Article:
The vertebrate hindbrain is transiently segmented. In zebrafish embryos nine neuromeres have been described (Hanneman et al., 1988), while in chicks there are eight rhombomeres, with rhombomere 1 (Rl) the most rostral (reviewed by Lumsden and Keynes, 1989). Rhombomeres first begin to be visible between Hamburger and Hamilton (HH) stages 9-12 early on the second day of incubation (21 days to hatching). Shortly afterwards, beginning at HH stage 13, cranial motorneurons arise bilaterally along the midline. The motorneurons that we have studied are those that belong to the visceral sensorimotor nerves V, VII, IX and X. A schematic diagram showing the pathways these motorneurons take in the hindbrain is shown in Fig. 1. Motomeurons of cranial nerve V (trigeminal) are located in R2 and R3 and project laterally within the hindbrain to exit to the periphery at a defined point in R2. Motomeurons of cranial nerve VII (facial) are located in R4 and R5 and project laterally within the hindbrain to exit to the periphery at a defined point in R4. Motomeurons of cranial nerve IX (glossopharyngeal) and X (vagal) are located in R6-8 and project laterally within the hindbrain to exit to the periphery, not at a defined point, but distributed along most of the length of R6-8.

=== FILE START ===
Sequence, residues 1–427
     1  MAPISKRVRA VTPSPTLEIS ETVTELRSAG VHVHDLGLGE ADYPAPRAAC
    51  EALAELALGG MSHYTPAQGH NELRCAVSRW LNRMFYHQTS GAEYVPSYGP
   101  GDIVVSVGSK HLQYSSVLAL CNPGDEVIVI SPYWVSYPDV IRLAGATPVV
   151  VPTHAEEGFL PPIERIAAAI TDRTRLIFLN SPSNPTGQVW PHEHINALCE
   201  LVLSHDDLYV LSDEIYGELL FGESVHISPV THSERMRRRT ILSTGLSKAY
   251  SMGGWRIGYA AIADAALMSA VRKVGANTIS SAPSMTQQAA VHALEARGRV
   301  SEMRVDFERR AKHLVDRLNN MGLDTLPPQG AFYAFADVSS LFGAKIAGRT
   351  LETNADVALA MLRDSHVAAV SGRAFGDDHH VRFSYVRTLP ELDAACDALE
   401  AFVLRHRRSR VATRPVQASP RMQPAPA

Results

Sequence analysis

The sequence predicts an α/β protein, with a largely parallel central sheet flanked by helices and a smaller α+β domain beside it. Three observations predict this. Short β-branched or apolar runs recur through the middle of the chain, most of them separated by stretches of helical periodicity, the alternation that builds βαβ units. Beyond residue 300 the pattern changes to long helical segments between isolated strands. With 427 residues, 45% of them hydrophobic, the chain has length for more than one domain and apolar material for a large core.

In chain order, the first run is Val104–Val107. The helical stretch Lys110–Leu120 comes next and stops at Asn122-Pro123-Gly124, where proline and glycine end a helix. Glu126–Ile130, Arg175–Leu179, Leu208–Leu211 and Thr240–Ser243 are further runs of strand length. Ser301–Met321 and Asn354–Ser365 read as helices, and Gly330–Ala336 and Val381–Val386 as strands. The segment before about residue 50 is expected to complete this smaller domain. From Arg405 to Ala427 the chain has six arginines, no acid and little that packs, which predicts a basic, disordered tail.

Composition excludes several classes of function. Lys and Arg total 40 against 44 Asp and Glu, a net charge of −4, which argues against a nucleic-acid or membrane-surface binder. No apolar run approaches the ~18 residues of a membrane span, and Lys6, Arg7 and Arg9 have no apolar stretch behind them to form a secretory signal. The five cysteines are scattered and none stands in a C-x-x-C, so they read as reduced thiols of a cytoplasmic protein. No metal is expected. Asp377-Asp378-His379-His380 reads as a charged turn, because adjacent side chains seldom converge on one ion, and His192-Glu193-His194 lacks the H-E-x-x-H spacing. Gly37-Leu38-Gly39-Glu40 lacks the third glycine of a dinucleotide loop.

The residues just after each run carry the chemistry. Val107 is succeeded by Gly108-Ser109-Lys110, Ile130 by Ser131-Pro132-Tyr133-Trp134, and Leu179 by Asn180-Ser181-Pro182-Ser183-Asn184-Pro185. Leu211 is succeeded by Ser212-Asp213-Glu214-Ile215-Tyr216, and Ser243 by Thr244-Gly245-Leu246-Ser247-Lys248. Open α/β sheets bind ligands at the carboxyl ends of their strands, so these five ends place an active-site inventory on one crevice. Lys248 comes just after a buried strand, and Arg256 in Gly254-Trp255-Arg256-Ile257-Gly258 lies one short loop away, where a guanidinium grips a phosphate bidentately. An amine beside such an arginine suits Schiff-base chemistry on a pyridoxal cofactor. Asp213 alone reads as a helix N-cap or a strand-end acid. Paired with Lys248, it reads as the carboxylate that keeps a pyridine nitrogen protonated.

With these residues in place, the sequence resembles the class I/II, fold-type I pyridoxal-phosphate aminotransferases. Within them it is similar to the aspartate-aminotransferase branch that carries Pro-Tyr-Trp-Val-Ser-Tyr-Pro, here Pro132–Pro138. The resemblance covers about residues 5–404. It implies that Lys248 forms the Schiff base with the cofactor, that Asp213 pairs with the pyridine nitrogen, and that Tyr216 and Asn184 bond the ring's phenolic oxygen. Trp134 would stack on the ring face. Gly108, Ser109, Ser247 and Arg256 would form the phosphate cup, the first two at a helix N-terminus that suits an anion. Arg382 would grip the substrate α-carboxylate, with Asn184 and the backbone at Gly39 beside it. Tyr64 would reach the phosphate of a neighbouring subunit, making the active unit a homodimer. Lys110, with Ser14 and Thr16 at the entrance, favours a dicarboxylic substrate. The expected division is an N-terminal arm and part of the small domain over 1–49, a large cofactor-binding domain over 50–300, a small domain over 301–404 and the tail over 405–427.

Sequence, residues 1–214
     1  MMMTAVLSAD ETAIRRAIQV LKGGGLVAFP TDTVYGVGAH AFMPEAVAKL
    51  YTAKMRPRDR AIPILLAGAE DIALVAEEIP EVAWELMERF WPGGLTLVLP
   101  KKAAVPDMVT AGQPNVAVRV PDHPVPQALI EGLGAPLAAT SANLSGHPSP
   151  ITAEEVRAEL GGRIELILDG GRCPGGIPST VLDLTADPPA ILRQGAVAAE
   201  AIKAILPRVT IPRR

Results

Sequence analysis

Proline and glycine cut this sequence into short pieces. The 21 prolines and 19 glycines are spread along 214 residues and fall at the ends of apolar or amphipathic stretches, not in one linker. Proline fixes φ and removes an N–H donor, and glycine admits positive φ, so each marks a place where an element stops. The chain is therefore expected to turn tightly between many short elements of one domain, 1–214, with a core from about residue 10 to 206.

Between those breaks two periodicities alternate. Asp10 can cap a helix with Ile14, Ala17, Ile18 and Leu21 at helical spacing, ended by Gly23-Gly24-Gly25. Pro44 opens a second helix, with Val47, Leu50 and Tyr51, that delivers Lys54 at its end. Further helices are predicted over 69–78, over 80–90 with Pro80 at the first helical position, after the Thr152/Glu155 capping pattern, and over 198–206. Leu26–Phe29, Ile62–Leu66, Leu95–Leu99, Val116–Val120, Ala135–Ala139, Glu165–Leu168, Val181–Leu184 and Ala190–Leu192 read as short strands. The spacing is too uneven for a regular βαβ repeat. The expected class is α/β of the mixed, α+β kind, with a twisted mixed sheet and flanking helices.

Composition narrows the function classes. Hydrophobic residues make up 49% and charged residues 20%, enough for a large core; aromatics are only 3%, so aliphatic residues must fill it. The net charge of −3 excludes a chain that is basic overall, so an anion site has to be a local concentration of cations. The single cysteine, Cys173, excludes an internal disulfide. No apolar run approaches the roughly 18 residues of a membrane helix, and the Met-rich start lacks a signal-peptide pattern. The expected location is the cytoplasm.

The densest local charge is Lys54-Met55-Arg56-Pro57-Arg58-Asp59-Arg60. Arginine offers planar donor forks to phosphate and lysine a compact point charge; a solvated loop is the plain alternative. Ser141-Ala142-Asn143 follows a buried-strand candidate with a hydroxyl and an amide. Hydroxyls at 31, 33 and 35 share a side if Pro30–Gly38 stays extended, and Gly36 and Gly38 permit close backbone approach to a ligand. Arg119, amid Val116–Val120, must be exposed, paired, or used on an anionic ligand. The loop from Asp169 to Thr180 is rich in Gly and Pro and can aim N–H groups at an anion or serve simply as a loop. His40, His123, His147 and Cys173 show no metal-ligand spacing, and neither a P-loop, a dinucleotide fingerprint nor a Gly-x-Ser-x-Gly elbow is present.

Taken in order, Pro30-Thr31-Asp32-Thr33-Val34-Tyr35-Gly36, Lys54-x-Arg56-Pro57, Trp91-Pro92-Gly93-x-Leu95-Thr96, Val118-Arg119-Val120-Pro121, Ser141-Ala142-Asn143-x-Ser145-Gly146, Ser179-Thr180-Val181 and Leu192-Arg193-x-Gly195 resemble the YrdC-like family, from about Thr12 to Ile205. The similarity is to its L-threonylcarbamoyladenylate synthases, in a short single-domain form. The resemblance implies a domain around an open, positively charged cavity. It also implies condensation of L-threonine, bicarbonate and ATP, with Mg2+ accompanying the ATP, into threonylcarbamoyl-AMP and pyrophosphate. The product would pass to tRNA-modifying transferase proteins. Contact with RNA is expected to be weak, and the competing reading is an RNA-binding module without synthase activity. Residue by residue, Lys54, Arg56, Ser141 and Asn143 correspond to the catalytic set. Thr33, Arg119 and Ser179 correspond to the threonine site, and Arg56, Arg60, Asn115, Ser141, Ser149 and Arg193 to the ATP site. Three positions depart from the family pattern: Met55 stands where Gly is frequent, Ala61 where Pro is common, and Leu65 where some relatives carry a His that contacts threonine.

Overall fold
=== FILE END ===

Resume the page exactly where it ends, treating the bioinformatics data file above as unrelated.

Facial motomeurons are the first motomeurons in the hindbrain to extend axonal processes. During the second day of incubation, facial motorneuron axons extend through rhombomeres 4 and 5 when the terrain is relatively simple and the number of cell types relatively small. Facial motorneuron axons in R4 extend directly towards their exit site, which is also in R4. Facial motorneuron axons in R5 take a more circuitous path, extending first laterally and then turning anteriorly to reach the exit site in R4. The predictability with which facial motomeurons follow these simple mies prompted us to examine in greater detail their axonal extension, and to test possible sources of guidance cues.